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Fingers crossed. Not ridden this for quite some time, but the southbound access road this will replace was one of the scariest pieces of high-curbed, zooming-car real estate I ever cycled.

Thanks for the write-up!

I rode this (south-bound) regularly this summer. As Read Scott Martin notes, it can put you near some fast traffic, but the road is so wide that it never really made me cringe. So, for southbound purposes, this'll be a nice plus, but not necessary. On the other hand, this will make a world's worth of difference heading north, to the point that I wonder if it won't attract some new across-the-Wilson-Bridge commuters for Bolling AFB.

The only thing is that the Shared Use Path Level of Service document recommends a minimum 11 foot width, even though the draft AASHTO guide on bicycle facilities still says 10 feet.

http://www.fhwa.dot.gov/publications/research/safety/pedbike/05138/

You could argue with me about the interpretation. What it says is that the AASHTO recommendations are fine, but higher use situations support wider widths.

Here's what it says exactly:

The findings of this study provide strong support for the standard trail width guidance provided in the AASHTO Guide for the Development of Bicycle Facilities .(2) Trails having 2.4-m (8.0-ft) width, which AASHTO recommends only in "rare instances," were found to have poor LOS, except at very low volumes or with user mixes that included few pedestrians and runners. The findings of this research support AASHTO's minimum "recommended paved width for a two-directional shared-use path of [3.0 m] ten feet." [8]

The study found that widths of 3.4–4.6 m (11.0–15.0 ft) provide improved LOS for higher volumes and more balanced user mixes than narrower widths. This is consistent with AASHTO recommendations that "under certain conditions it may be necessary or desirable to increase the width of a shared-use path to 3.8 m (12.0 ft) or even to 4.3 m (14.0 ft), due to substantial use by bicycles, joggers, skaters and pedestrians, ...." [9] Trails of 3.4–4.6 m (11.0–15.0 ft) are wide enough to operate as three-lane paths. The increased passing capacity provided by a trail that operates as three lanes improves LOS and increases the trail's ability to absorb higher volumes and more diverse mode splits without severely degrading service.

Any idea whether this is--or would logically become--the Potomac Heritage Trail alignment? I've asked Potomac Heritage Trail Association for a map, but most website on that trail are all talk.

South Capitol Street trail is key to motivating a bridge over I-295 in MD to connect Woodrow Wilson Bridge to Oxon Run bridge, which you obviously are thinking about with the link to Woodrow Wilson Bridge. I am thinking that the Potomac Heritage Trail might provide the bureaucratic logic to get MD and DC to keep eachother in the loop, as well as a third voice paying attention.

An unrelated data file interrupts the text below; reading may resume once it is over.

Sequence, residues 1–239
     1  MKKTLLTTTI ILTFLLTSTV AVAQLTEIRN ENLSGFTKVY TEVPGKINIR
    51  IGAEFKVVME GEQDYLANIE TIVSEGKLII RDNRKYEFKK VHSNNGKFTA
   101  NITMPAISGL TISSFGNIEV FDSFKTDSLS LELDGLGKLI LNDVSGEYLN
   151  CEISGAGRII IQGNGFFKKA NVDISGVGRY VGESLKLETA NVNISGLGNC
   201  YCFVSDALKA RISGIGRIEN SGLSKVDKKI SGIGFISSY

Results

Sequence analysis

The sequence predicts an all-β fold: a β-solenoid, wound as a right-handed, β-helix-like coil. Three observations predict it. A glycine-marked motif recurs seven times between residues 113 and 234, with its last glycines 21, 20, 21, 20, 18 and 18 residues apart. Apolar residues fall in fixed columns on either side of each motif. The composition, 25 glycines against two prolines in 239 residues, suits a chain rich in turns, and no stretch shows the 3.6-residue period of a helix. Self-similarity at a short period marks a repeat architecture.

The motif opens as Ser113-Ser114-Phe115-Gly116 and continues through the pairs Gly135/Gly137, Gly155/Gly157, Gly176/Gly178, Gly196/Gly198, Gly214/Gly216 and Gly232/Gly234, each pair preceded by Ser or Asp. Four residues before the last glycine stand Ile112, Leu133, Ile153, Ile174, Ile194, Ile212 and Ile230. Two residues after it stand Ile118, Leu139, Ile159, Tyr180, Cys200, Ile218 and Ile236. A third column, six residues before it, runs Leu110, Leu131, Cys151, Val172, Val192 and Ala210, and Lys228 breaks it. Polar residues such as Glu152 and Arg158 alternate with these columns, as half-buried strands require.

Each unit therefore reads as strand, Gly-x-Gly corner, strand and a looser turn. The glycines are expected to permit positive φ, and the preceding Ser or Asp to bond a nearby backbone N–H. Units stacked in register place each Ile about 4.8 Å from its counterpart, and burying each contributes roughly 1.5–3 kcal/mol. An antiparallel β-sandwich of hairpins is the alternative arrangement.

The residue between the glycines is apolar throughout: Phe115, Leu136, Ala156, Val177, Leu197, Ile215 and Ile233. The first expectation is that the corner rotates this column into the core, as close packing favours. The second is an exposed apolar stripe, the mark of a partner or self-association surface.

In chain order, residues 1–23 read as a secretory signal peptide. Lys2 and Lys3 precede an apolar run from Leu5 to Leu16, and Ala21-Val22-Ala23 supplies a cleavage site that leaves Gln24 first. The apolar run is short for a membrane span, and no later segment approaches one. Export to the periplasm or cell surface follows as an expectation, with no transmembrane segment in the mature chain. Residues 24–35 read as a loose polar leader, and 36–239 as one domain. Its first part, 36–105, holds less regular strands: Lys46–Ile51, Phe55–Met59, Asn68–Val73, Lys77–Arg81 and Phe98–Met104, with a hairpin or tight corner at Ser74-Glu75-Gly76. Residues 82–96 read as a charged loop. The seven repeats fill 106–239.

Good strategy.

I had assumed that the PHT would follow the Mt. Vernon Trail along the VA side of the river . . that might even be the designated route now. I know that the hiking trail from Roosevelt Island to the Am. Legion Bridge is part of the PHT.

Below the head of tide, the trail is on both sides of the river. From Woodrow Wilson Bridge Trail, it follows Oxon Hill road as shown in this map of the Prince Georges County section of the Potomac Heritage Trail.

The NPS website provides a crude overview of the Potomac Heritage Trail showing a route through DC. But that map does not show any roads, making the actual alignment impossible to discern. One get the impression that there might be two alignments, one along South Capitol and one along Oxon Run--but that is a wild guess looking at that map.

Jim Hudnall responded to the email to the Potomac Heritage Trail group, and stated:

"The South Capitol Street Trail would become a segment of the PHNST after designation by NPS." I think we can assume that such designation would be forthcoming. Meanwhile, he writes:

"From the entrance to the Anacostia Naval Air Station, the route goes on Firth Sterling, Sumner Place, Martin Luther King Avenue, and Blue Plains Drive to the Oxon Cove Trail. The route could have gone on South Capitol Street and Overlook Avenue to Blue Plains, but that route is not good going northbound because part of Overlook Avenue by Bolling AFB is one-way southbound. It is a shame the route cannot use the trail along the Potomac River, but DOD will never let that happen."

@Washcycle. Do you think maybe its time to add a Potomac Heritage Trail category?

Is the PHT a bike trail? My impression is that it is primarily a hiking trail.

Probably both. The NPS Potomac heritage website shows several cyclists passing a horse. From the Anacostia River to Point Lookout in Maryland, it is mostly an on-road bike trail, with some offroad segments planned. In Prince Georges County, the primary local stakeholder group is the Oxon Hill Bicycle Club, which is pushing PG-DPTW to post signs for the trail from the Woodrow Wilson Bridge to the Charles County Line.

To follow up on Jim's response - officially, the PHT follows the C&O Canal towpath from DC to Cumberland, and the new (ish) paved multi-user trail from there to Pittsubrgh. All of that is bike-able. The only parts of the route that are primarily for hiking are the trail from Roosevelt Is. to the American Legion Bridge, and the Laurel Highlands Trail.

Any idea when all this is supposed to be complete and bikeable?

Several years. Detailed engineering, a Categorical Exclusion (for environmental impacts), and of course finding funding for construction all have to take place first.

I haven't seen any dates.

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